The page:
The Project


This project began ten years ago with a casual walk through our neighbourhood. What struck us at the time was how faithfully places of worship reflected Toronto’s evolving diversity. Some of these buildings were no doubt more imposing, some more evocative of the sublime than others. Taken together, however, they testified to the great variety of religious traditions and experiences within the city. They also underlined the many ethnic and racial origins of the people who frequented them. In combination, religion and ethnicity offered us a dizzying array of unsuspected permutations.

And yet one hundred years ago, Toronto was almost uniformly British and mainstream Protestant. All that changed irrevocably with the arrival of non-British immigrants. Before the First and especially after the Second World War they came from continental Europe. Since the late 1960s they have come mostly from Asia, Africa, the Caribbean and Latin America. Places of worship are markers of this transformation. They speak to what the city once was and what it has become.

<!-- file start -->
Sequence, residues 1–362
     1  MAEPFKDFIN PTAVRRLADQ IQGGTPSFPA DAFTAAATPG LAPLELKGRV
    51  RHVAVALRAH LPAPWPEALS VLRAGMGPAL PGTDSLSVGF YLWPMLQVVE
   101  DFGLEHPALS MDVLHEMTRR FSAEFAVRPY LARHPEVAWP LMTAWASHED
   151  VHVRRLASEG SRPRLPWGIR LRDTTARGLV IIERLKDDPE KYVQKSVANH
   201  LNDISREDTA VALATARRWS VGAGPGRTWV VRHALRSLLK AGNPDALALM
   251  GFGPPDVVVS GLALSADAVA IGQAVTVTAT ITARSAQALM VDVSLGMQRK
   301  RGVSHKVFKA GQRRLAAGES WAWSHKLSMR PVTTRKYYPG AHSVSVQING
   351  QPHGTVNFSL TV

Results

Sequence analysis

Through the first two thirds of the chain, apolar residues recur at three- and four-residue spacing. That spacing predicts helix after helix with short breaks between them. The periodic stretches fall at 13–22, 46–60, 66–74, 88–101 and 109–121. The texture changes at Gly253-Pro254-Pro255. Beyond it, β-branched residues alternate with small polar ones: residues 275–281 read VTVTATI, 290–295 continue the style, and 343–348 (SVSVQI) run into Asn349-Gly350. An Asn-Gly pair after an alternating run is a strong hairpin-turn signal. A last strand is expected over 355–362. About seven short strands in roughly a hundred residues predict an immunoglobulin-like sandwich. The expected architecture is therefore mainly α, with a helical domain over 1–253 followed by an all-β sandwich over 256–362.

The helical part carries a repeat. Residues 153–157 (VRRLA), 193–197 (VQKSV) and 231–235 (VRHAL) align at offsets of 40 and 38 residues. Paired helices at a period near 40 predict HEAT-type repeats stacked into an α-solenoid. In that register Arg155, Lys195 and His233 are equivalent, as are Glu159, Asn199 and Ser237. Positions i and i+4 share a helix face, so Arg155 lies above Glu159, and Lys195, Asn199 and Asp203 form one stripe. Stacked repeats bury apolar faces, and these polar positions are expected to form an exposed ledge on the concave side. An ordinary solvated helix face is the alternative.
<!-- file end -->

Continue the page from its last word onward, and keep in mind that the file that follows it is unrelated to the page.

Our field of inquiry began to broaden beyond our immediate vicinity to encompass the whole west-end of the old city of Toronto. The area combines neighbourhoods of traditional immigrant reception and settlement with those historically inhabited by working- and middle-class residents of British origin (whether immigrant or not). It is therefore diverse from a class, ethnic, and religious perspective. For two years we walked the streets of these wonderfully distinctive neighbourhoods, recording and photographing places of worship, taking note as well of significant details and changes. We then conducted in-depth research in the city’s archives and libraries.

Our efforts produced the current survey which includes all buildings, whether initially built as places of worship or not, as long as an outside sign identifies them as being dedicated to public worship. Although completed eight years ago, the survey is up to date in the sense that all recent changes to existing sites have been recorded. For example, structures that have been demolished, have changed religious affiliation or ceased to be places of worship, are identified. We welcome comments, additional information, and corrections from visitors to our website. Please click here to fill out the form that can then be sent to us at:

This work was made possible through a generous grant from the Department of Canadian Heritage, to which we express our heartfelt thanks.